Sunday, August 14, 2011


In our America we take it for granted until you turn on the faucet and nothing comes out:
The heat wave of the past few weeks has burst hundreds of crucial pipes in California, Kansas, Oklahoma, Texas, Indiana, Kentucky and New York, temporarily shutting off water to countless consumers just when they needed it most. [...]

High temperatures can dry soil so that it shrinks away from buried pipes. Increased water usage raises pressure inside the water lines. Both factors add strain to pipeline walls, making older pipes more susceptible to bursting. [...]

It underscores the fact that much of the nation's underground water lines are 80 to 100 years old -- and approaching the end of their lives. [...]

Experts call it America's "Replacement Era," when hundreds of water utilities nationwide will be forced to replace their aging infrastructure -- or suffer the consequences. [...]

Who will probably have to pay for those hundreds of thousands of miles of new pipelines? Utility customers, industry experts say.
Or, you know, the federal government could hire a whole bunch of unemployed construction workers and just start pre-emptively replacing the aging pipelines -- before they burst. Of course, water, like electricity isn't really a public utility anymore, is it? Lot of cities have privatized their delivery systems because the free market is more efficient. Or so they said when they turned over critical infrastructure to the invisible hand.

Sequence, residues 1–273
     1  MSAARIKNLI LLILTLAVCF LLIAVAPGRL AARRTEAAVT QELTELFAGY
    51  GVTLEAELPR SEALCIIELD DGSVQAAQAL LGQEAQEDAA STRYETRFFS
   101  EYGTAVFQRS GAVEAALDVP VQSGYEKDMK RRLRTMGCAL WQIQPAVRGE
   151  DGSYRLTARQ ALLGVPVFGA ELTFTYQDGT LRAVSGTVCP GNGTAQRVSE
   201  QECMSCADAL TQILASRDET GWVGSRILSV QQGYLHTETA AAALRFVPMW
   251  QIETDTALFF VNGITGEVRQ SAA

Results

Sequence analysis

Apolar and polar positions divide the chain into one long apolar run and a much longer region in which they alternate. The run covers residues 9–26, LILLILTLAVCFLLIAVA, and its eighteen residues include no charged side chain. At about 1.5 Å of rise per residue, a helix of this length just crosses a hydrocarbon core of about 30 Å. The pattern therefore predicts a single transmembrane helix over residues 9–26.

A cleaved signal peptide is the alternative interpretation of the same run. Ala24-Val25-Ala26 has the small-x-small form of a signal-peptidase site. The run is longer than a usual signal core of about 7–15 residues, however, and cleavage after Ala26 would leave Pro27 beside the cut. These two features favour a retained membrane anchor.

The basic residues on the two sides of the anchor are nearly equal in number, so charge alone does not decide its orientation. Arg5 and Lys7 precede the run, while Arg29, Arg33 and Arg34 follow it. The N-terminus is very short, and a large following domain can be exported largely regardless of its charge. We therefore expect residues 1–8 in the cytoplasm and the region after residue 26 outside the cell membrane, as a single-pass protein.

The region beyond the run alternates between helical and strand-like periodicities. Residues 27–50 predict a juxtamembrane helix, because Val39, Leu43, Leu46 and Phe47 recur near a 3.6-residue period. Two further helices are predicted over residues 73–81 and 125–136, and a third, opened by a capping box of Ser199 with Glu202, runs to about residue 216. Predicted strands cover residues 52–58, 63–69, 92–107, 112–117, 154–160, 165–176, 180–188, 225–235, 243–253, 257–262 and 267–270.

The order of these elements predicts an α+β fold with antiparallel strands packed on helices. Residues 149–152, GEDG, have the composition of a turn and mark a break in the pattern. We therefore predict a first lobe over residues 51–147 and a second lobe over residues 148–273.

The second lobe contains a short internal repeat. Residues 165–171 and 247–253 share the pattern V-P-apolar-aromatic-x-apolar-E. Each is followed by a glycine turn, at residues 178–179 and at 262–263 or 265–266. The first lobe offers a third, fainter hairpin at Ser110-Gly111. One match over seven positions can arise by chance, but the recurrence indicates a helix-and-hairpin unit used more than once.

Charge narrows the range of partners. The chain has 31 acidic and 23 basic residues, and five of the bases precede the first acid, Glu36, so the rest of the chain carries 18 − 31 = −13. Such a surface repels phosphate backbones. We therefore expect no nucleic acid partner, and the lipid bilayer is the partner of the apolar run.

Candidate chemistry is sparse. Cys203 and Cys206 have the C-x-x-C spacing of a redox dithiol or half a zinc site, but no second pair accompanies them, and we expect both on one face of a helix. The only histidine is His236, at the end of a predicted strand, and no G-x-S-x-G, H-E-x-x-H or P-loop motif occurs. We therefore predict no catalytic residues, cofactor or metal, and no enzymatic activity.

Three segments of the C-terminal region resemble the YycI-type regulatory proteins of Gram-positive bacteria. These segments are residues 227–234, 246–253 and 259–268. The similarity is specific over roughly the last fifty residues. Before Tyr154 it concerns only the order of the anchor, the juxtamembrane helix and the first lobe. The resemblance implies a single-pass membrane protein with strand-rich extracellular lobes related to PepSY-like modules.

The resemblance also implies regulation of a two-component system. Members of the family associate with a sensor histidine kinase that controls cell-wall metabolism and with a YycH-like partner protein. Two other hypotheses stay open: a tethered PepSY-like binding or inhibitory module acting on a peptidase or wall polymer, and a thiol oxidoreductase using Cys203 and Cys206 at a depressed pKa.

Also, too. Al Gore is fat and lives in a big house.

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Blogger Capt. Fogg said...

We should have learned back in the 1930's and 40's that most efficient does not mean best.

Mussolini did indeed make the trains run on time. Fascism is indeed extremely efficient at nearly everything it does. That's great when you own the machine - not so great when you're a cog in it.

9:42:00 AM  
Blogger Libby Spencer said...

Exactly right Fogg.

9:48:00 AM  

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